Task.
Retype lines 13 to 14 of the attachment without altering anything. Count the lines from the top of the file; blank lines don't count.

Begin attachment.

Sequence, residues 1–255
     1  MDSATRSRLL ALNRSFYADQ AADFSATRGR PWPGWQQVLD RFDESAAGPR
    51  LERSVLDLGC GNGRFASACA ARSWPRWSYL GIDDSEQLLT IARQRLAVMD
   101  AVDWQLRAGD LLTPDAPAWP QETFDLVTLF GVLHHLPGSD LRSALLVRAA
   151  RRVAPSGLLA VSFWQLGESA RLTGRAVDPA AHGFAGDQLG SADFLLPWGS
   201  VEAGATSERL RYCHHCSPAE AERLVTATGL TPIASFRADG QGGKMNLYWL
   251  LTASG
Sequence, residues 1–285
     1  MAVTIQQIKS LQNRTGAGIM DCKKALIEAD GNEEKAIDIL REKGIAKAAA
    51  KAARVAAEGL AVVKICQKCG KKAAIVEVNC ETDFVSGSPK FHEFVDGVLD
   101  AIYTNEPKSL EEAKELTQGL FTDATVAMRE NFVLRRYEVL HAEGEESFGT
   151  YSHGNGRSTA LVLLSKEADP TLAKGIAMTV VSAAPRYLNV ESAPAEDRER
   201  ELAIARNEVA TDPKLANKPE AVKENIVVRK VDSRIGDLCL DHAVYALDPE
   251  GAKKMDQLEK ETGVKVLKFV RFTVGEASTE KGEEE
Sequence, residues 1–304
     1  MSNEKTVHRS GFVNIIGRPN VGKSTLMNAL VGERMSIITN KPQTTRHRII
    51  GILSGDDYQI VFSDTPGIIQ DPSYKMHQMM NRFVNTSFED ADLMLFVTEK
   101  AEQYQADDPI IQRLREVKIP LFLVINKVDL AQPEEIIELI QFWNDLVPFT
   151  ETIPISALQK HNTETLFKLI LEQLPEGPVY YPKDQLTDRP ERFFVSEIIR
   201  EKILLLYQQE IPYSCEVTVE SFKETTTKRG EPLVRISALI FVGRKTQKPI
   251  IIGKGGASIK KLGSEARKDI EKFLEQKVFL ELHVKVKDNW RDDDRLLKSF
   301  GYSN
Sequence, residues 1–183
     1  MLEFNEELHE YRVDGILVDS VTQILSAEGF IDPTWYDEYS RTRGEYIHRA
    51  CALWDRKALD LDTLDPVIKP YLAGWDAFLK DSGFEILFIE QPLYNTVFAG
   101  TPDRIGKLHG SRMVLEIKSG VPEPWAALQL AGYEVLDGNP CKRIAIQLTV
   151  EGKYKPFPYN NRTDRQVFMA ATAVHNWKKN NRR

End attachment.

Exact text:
   201  ELAIARNEVA TDPKLANKPE AVKENIVVRK VDSRIGDLCL DHAVYALDPE
   251  GAKKMDQLEK ETGVKVLKFV RFTVGEASTE KGEEE